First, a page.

Stuffed Artichokes

April 20, 2015

By Anna Varriano

This is one of my favourite ‘comfort foods’ from my childhood. I don’t remember anyone but my mom making this. This is a bit of a spin on one of my mom’s classics. She never uses recipes, so trying to duplicate her meals is impossible! If you blink, you’ll miss her throwing in a pinch of this or that. With some practice, this dish is pretty close to mom’s. I think the missing ingredient is a sprinkle of her love and unique energy! I made 2 stuffed artichokes with this recipe.

From a nutritional perspective, artichokes have been shown to offer numerous health benefits, including improving digestive health, lowering bad cholesterol, reducing the risk of heart disease, and supporting detoxification and liver function.

I hope you will enjoy this dish as much as I do!

Step 1: Prep


Cut off the stem and enough of the top part of the artichoke to get rid of the spikey leaf tips. Spread the leaves apart, starting from the outside layers and working your way in. Leave the lighter more delicate ones in the centre intact. They make up the artichoke ‘heart’

stuffed leavesIn a separate bowl, make a meatball-like mixture. I used about 1/2 kg of ground chicken (pastured is best) and mixed in: 1 TBSP freshly chopped parsley, 3 TBSP of oats, 1 egg, 2 TBSP freshly grated parmesan cheese, and whatever seasoning you like. I like Herbamare. Mix it all together. You’re now going to stuff a bit of the mixture in between as many of the spaces between the leaves as possible, still leaving the centre delicate leaves alone!

IMG_0455You should end up with something that looks like this. I had extra meat, which I rolled into meatballs. Gently pat the meat down into the artichokes and also give them a very gentle squeeze to make sure everything’s all in place!

 Step 2:  Cooking

Put a couple of TBSP of extra virgin, cold pressed olive oil, one TBSP of butter, and a few (as many as you like!) slightly crushed cloves of garlic into a stove top casserole (or any pot you can cover and simmer something in) and turn the heat on low for a minute or two, just to gently warm the oil and butter up a bit and get some of that yummy garlic flavour infused into them.

IMG_0457Put the artichokes in the casserole (stem side down) with the oil, butter, and garlic, and add about 1.5 cups of canned tomatoes. I am lucky to have a stash of homemade canned tomatoes from my mom and dad’s garden. Add about 1/4 cup of another liquid – water or chicken broth or even white wine. Add a few leaves of fresh basil, and a stem or two of fresh parsley. If you made meatballs with any left over meat, put them in the pot too. Season as you like. I used Herbamare again.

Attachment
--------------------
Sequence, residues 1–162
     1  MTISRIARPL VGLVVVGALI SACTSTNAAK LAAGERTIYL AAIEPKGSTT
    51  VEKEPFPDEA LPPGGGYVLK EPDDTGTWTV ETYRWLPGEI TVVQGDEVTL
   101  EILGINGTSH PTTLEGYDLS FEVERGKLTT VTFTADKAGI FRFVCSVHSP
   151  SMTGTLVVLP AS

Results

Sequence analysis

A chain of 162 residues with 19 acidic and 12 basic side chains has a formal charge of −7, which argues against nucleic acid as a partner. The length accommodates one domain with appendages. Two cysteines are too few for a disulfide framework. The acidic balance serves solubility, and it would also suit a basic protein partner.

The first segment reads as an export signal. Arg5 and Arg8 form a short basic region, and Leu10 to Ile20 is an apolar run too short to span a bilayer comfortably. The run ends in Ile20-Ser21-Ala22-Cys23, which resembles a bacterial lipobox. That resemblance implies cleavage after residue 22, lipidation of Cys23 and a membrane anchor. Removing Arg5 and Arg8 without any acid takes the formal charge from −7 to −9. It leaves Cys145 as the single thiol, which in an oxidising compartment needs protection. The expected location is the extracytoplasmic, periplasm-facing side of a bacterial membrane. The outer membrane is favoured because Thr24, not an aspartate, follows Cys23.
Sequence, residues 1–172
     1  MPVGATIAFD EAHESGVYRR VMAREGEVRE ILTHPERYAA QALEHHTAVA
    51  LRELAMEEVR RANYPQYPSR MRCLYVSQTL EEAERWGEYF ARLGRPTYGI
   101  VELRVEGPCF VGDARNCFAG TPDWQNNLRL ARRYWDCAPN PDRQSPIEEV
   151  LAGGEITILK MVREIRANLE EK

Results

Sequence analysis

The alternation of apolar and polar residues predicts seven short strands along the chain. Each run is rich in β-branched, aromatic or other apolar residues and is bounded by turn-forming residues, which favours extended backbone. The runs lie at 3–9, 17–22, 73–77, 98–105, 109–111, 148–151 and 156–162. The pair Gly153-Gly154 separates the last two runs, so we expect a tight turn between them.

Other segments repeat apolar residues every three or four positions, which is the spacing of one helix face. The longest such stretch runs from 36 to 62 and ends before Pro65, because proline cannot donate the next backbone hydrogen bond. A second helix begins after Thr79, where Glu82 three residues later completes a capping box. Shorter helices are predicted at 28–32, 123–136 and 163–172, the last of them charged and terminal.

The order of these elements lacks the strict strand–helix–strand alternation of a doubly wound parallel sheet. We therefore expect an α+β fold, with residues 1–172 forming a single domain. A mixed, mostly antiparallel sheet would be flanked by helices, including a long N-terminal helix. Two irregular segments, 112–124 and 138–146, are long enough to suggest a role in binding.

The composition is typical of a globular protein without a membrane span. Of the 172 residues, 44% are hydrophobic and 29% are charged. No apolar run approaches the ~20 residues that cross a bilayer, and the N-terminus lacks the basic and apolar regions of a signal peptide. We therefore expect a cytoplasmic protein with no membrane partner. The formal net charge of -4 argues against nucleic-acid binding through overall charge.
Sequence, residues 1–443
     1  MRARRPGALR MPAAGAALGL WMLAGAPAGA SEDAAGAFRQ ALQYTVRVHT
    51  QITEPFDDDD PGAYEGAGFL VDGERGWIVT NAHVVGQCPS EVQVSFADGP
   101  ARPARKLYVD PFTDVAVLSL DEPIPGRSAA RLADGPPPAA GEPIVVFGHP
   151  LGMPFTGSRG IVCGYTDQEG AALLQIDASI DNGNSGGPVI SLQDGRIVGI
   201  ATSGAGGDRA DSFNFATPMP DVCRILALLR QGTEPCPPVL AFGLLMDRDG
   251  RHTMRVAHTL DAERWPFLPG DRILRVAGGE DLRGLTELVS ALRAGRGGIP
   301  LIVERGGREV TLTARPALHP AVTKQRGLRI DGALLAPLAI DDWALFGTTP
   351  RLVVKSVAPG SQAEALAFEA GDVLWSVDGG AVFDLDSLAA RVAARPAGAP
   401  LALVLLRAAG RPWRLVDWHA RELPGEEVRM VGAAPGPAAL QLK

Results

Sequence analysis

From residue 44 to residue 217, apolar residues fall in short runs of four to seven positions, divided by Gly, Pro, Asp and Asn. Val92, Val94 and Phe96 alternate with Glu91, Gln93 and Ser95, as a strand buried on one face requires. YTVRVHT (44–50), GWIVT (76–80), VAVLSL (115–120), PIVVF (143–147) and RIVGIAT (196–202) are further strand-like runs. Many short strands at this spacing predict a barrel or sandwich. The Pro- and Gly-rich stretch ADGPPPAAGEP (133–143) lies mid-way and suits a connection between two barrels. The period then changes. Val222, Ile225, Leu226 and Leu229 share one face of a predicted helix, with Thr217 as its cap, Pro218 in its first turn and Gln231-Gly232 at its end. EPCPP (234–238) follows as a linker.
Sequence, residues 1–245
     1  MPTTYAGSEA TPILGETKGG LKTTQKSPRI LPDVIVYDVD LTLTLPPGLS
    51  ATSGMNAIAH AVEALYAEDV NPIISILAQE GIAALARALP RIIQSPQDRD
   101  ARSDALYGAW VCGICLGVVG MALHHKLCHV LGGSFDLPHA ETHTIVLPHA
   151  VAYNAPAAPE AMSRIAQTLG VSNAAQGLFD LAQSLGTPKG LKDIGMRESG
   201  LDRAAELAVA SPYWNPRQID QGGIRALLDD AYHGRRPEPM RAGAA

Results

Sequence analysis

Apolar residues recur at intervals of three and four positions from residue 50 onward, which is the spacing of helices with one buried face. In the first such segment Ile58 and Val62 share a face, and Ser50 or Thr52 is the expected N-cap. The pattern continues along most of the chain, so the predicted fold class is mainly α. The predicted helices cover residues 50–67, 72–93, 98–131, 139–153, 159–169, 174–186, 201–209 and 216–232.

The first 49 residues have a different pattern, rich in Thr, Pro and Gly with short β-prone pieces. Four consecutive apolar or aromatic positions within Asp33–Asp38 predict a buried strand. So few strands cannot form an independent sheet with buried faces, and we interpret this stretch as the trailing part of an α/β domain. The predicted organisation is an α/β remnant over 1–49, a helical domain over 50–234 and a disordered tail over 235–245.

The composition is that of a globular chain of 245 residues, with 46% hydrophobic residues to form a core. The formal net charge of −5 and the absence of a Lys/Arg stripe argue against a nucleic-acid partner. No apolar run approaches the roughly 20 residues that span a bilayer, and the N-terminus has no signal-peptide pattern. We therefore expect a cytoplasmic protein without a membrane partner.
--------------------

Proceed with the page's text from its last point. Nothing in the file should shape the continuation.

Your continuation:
Bring to a boil, then reduce to low heat and simmer, covered, for about an hour. Check the artichokes a few times to make sure the liquid isn’t drying out – add more if it is. I also like to baste them with the tomatoey liquid developing in the pot when I check on them. To check for ‘done-ness’ I like to gently turn them so I can access and pierce the bottom of the heart (where the stem was cut off) with a fork. It should be very soft/mushy.

Step 3: Presentation & Serving

IMG_0460 - CopyWhen the artichokes are done, take them out and place them in the middle of a pasta dish. Then take a hand held blender, and puree the tomato sauce in the pot (or pour it into a blender and puree it). Pour the sauce around the artichoke, and grate fresh parmesan cheese over it all (if you wish). To eat it, start pulling off the leaves from the outside-in. Eat the meat that you find between the leaves, and also ‘pull’ the leaves through your teeth, scraping off their soft inner portion, which you’ll find more of as you work your way towards the centre. Dip the chunks of meat in the sauce…and the leaves too if you wish. So delicious! I’m sure you’ll find some way to enjoy the bonus meatballs…if you had any! Enjoy!


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